TOKYO – Asian shares were higher Thursday as Japan’s benchmark rose on hopes of Japanese government stimulus spending and better-than-expected earnings lifted Wall Street.
KEEPING SCORE: Japan’s benchmark Nikkei 225 added 0.8 per cent to finish at 16,810.22. South Korea’s Kospi slipped nearly 0.2 per cent to 2,012.22. Hong Kong’s Hang Seng edged up 1.0 per cent to 22,104.86. The Shanghai Composite rose 0.4 per cent to 3,039.58.
JAPAN STIMULUS: Japanese media reported the government may be considering a 20 trillion yen ($186 billion) fiscal stimulus package. That sent Japan’s benchmark and the U.S. dollar higher against the yen. A cheap yen works as a plus for Japan’s giant exporters.
U.S. COMPANIES: Technology stocks finished higher on Wall Street, following an encouraging report from Microsoft that said momentum in its cloud-computing business helped it to return to a profit in its fiscal fourth quarter.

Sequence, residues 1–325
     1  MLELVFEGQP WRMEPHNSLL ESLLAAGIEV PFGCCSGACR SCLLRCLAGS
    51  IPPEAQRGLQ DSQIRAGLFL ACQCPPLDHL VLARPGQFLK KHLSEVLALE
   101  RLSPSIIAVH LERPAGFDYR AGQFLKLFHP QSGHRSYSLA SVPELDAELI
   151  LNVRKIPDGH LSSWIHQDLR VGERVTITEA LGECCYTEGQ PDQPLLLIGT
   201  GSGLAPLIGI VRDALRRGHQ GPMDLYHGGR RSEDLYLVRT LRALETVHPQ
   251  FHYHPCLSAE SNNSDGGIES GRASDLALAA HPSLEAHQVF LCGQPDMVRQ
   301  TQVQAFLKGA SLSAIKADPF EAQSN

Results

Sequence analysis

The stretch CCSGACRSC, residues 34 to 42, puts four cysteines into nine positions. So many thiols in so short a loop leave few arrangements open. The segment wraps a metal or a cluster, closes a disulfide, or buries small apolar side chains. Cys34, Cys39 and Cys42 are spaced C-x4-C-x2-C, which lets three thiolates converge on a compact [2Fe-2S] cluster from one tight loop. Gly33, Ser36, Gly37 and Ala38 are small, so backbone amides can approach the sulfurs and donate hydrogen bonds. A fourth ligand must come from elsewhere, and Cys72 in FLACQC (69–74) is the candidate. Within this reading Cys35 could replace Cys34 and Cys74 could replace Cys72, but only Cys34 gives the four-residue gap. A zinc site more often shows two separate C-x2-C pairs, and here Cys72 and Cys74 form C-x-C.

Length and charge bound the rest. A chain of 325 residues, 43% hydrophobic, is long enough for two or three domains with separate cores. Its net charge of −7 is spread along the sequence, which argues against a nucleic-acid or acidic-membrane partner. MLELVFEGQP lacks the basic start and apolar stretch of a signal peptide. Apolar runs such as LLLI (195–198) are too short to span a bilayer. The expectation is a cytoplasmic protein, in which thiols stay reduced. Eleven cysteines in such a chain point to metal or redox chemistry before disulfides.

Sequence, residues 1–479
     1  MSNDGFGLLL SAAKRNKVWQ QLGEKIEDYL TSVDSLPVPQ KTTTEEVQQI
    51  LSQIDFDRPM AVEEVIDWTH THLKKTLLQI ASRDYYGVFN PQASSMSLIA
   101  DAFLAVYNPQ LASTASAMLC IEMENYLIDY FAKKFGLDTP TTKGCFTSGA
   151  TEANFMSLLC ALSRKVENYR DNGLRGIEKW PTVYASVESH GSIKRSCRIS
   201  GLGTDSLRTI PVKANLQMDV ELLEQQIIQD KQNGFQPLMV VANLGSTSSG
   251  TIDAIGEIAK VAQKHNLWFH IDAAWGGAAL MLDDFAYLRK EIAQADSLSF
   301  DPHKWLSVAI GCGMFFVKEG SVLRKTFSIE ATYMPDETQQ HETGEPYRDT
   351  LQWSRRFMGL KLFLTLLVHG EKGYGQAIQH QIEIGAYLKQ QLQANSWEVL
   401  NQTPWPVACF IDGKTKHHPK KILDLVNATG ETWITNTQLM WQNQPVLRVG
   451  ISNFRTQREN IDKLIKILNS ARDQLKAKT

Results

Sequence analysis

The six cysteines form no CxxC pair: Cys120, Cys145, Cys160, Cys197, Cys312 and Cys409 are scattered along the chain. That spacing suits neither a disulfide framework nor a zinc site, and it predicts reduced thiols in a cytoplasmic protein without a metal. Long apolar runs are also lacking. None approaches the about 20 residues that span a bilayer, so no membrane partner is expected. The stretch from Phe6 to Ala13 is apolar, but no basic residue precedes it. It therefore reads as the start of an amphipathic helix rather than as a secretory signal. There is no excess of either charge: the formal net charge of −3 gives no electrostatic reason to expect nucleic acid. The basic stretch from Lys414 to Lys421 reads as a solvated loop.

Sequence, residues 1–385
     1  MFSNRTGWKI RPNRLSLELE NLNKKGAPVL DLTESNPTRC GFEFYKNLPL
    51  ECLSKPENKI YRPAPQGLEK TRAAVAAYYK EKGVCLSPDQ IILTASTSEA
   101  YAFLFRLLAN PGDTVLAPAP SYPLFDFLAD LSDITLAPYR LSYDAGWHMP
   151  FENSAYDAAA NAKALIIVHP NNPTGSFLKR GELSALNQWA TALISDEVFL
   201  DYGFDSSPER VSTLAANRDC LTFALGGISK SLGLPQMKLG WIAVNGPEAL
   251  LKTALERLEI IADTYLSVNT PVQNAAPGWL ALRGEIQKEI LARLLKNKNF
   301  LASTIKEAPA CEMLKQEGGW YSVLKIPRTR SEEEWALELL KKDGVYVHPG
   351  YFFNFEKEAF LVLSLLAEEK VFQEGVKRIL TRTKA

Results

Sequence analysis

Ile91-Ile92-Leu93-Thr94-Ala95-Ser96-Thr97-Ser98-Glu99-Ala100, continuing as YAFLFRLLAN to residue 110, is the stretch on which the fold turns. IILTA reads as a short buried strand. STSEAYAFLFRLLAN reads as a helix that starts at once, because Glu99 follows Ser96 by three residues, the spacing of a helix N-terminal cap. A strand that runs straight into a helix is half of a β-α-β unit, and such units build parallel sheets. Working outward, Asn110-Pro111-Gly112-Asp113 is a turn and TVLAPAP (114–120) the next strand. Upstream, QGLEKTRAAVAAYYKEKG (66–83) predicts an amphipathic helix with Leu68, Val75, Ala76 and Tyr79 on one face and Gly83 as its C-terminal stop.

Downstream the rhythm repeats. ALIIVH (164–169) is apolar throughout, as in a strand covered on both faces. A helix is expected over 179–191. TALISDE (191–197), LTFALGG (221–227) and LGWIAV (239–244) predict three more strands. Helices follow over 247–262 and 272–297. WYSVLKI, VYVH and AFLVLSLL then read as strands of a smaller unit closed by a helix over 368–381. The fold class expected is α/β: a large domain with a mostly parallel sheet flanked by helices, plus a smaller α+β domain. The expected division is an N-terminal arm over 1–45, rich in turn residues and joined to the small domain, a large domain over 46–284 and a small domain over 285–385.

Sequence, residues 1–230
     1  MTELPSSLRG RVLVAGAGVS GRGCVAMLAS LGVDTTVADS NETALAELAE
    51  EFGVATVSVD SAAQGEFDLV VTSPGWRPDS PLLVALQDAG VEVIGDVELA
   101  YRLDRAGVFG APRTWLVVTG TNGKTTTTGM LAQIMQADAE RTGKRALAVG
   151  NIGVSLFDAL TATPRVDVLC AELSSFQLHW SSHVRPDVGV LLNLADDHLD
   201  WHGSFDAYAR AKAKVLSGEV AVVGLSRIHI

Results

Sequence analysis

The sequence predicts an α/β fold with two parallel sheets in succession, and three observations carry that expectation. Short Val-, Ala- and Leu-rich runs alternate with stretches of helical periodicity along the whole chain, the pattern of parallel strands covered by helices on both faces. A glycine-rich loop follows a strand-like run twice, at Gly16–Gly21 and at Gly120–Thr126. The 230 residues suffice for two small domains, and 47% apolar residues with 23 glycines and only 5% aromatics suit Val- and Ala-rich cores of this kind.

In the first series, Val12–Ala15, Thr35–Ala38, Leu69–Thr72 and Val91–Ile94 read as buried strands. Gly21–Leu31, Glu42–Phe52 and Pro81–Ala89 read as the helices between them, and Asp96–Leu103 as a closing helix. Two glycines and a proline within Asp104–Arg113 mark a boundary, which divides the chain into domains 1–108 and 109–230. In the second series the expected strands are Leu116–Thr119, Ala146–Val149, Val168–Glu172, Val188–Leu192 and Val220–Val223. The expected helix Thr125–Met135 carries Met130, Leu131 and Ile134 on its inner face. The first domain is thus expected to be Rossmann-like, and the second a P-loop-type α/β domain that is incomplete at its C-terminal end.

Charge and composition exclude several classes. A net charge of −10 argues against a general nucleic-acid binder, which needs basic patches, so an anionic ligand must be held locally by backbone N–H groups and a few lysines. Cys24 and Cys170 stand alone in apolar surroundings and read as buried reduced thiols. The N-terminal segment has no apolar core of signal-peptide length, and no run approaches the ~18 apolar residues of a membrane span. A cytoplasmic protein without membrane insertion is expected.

WALL STREET: Both the Standard & Poor’s 500 index and Dow Jones industrial average set all-time highs, and the Dow marked its ninth consecutive day of gains — the longest winning streak since 2013. The Standard & Poor’s 500 index rose 9.24 points, or 0.4 per cent, to close at 2,173.02. The Dow Jones industrial average rose 36.02, or 0.2 per cent, to 18,595.03. The Nasdaq composite rose 53.56, or 1.1 per cent, to 5,089.93.
EUROPE POST-BREXIT: Investors are watching for the news conference later in the day by the European Central Bank to see what actions might be ahead to shore up the European economy.
THE QUOTE: “Mario Draghi’s speech is hotly anticipated by investors as they look for clues and guidance on what measures the central bank will take post Brexit to navigate through uncertainty,” said Alex Wijaya, senior sales trader at CMC Markets.
ENERGY: The price of U.S. crude oil rose 27 cents to $46.02 per barrel. Brent crude, the international benchmark, rose 26 cents to $47.43 a barrel.
CURRENCIES: The euro rose slightly to $1.1034 from $1.1015, while the dollar rose to 107.23 yen from 106.01 yen.
AP Business Writer Stan Choe contributed to this report.
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